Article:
mortgage A legal document that pledges a property to the lender as security for payment of a debt.
Mortgage insurance (MI) Insurance written by an independent mortgage insurance company protecting the mortgage lender against loss incurred by a mortgage default. Usually required for loans with an LTV of 80.01% or higher.
note A written agreement containing a promise of the signer to pay to a named person, or order, or bearer, a definite sum of money at a specified date or on demand.
origination fee A fee charged by a lender to cover certain processing expenses in connection with making a real estate loan. Usually a percentage of the amount loaned, such as one percent.
PITI Principal, interest, taxes and insurance--the components of a monthly mortgage payment.
points Charges levied by the mortgage lender and usually payable at closing. One point represents 1% of the face value of the mortgage loan.
preapproval A lender's decision to extend credit after a borrower has submitted a formal loan application with a credit analysis. A prequalification is an opinion, a preapproval is an underwriter’s decision to extend credit. A letter of preapproval usually carries more weight than a prequalification.
prepaids Those expenses of property which are paid in advance of their due date such as prepaid interest, taxes, insurance, etc.
prequalification A lender's opinion on a loan's viability based on summary information supplied by a borrower. A prequalification is an opinion, a preapproval is an underwriter’s decision to extend credit. A prequalification letter which we can provide to you is very helpful in shopping for a new property.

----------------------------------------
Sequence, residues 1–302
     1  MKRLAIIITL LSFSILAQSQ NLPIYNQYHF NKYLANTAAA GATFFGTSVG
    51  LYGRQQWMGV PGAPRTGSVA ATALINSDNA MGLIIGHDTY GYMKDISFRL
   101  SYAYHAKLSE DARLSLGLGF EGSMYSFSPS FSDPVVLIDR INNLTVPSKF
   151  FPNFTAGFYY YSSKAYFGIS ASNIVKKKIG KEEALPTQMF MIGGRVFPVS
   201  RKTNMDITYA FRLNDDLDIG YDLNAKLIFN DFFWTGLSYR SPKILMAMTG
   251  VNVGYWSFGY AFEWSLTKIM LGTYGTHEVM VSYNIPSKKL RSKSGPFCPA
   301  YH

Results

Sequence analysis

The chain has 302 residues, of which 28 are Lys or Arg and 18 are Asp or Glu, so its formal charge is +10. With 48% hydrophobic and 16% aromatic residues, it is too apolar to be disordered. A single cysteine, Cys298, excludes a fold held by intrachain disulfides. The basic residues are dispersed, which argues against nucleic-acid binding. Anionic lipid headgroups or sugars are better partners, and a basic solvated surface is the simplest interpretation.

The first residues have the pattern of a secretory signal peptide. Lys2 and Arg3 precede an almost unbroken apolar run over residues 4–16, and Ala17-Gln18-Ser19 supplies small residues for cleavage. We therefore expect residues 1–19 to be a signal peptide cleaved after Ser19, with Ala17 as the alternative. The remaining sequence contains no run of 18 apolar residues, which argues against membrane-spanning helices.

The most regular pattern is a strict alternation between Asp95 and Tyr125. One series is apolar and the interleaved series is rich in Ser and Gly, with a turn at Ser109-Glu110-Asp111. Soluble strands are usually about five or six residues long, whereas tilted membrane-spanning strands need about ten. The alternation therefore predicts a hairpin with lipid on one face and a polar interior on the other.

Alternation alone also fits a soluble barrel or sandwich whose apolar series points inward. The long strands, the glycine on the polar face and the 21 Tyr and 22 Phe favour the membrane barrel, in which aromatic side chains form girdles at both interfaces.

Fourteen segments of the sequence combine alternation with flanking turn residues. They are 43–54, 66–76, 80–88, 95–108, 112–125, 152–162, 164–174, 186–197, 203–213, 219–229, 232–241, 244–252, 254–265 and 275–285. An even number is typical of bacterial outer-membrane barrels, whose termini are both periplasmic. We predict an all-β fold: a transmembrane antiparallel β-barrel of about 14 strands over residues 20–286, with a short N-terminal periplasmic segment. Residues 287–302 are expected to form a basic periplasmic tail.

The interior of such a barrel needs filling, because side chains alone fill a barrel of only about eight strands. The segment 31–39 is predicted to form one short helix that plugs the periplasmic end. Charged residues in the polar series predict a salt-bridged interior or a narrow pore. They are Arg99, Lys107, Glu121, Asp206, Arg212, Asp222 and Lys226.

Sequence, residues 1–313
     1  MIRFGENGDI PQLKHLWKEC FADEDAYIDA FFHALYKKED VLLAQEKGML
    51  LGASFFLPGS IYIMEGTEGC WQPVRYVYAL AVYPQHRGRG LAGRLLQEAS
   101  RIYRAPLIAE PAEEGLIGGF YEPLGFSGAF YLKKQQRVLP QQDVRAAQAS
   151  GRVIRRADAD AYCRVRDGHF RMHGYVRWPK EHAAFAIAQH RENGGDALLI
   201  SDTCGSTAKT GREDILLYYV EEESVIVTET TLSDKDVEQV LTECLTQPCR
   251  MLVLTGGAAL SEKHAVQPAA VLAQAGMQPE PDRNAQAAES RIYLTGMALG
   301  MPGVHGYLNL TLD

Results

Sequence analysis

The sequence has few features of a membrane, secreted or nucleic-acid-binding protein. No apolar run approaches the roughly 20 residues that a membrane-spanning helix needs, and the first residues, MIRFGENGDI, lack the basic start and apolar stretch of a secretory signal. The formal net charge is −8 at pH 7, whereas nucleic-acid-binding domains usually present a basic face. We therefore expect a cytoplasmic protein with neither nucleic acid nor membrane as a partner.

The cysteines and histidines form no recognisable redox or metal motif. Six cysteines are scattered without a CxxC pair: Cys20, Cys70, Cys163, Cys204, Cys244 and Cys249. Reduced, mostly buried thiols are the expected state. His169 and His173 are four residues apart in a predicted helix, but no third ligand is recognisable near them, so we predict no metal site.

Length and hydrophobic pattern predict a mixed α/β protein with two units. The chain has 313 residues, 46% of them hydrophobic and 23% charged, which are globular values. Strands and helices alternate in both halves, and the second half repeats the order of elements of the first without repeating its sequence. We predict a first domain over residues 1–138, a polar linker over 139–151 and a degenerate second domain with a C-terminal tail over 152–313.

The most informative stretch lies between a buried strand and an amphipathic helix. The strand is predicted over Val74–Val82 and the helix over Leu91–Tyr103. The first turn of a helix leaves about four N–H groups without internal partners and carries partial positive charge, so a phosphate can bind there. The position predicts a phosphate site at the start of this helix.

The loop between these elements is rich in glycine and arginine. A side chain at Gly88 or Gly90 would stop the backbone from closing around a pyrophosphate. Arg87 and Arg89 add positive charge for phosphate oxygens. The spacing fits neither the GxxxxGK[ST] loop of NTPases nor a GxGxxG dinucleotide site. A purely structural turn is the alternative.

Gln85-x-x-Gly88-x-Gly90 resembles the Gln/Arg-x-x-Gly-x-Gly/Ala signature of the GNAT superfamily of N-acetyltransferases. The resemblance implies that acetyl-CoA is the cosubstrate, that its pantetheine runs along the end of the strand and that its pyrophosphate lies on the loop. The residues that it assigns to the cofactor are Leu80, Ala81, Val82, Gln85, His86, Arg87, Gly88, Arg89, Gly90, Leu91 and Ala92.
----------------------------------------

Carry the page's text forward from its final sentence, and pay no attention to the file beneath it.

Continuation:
Prime rate The interest rate that commercial banks charge their most creditworthy customers, generally large corporations. Also a very common index for a Home Equity Line of Credit (HELOC).
refinancing The process of paying off one loan with the proceeds from a new loan, using the same property as security.
second mortgage A mortgage that is the second lien against a property. This is typically a Home Equity Line of Credit or “HELOC” or a fixed rate second mortgage. In a foreclosure, the “first mortgagee” is in line ahead of the “second mortgagee” in the repayment of debt.
subordination Generally refers to the process of keeping second in line or “subordinating” a second mortgage while swapping out the first mortgagee. This frequently occurs when you have a Home Equity Line of Credit (HELOC) or other second mortgage and you are refinancing your first mortgage.
title insurance Insurance against loss resulting from defects of title to a specifically described parcel of real property.
Truth-in-Lending Act A federal law requiring a disclosure of credit terms using a standard format. This is intended to facilitate comparisons between the lending terms of different financial institutions.
Veterans Administration (VA) A government agency guaranteeing mortgage loans with no down payment to qualified veterans.